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A report on the state of the semiconductor industry provided some moderately optimistic data, showing that while demand remains weak, sales are stabilizing.

The Semiconductor Industry Association reported that worldwide chip sales rose to $12.68 billion in November, a 1.3% increase from October's $12.51 billion in sales. The latest data represented a 19.6% year-over-year gain, a trend of improving numbers going back to the fourth quarter of 2001.

"The November sales of the global chip industry underscores the healthy recovery that has been building throughout the year," stated SIA President George Scalise. The SIA's Global Sales Report, a three month moving average of sales activity, showed that unit shipments grew 23%.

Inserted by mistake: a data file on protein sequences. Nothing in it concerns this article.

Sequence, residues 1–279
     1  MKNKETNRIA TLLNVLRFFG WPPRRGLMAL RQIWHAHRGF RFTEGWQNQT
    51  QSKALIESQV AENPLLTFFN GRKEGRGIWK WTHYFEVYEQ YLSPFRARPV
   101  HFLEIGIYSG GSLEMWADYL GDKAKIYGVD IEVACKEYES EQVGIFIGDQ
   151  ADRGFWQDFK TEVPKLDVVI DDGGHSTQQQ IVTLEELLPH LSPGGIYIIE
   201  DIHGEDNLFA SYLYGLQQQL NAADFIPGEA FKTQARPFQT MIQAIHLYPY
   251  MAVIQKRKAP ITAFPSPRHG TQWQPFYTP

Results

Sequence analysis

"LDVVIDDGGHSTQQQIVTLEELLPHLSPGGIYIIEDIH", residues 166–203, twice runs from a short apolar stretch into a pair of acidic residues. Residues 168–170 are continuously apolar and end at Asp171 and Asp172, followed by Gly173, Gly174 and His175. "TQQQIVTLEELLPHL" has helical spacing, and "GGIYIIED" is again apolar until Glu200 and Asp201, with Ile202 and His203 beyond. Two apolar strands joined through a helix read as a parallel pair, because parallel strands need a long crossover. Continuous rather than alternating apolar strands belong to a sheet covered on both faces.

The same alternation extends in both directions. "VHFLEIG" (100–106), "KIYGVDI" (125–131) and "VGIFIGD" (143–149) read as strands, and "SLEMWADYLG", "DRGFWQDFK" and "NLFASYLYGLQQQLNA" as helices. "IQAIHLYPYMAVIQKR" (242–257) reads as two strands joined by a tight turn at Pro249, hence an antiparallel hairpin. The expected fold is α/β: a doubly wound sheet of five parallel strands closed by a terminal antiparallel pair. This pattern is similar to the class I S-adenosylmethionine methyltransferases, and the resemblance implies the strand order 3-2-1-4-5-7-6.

Shares of semiconductor and semiconductor equipment companies got an initial boost from the report but have since drifted lower.

Applied Materials

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is down 8 cents to $13.44, shares of

KLA-Tencor

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are off 27 cents at $35.93 and

Intel

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is down 3 cents to $16.37.

Increased demand in the wireless sector for flash and digital processors underpinned the strengthening sales picture. The computer segment, with DRAM sales increasing 5.8%, also contributed to improved growth. Sales in Europe and Asia grew 1.3% offsetting a 0.8% decline in the Americas.

While the report gives hope that things aren't getting worse, few found reason for unbridled optimism. "We think this is the start of a period of stammering year-over-year growth comparisons," predicted Charles Boucher, an analyst with Bear Stearns. He is expecting seasonal weakness to result in a decline in revenues and unit growth rates over the next six months.

Boucher feels that with increasingly difficult comparisons coming up that "semiconductor stocks have capped upside potential."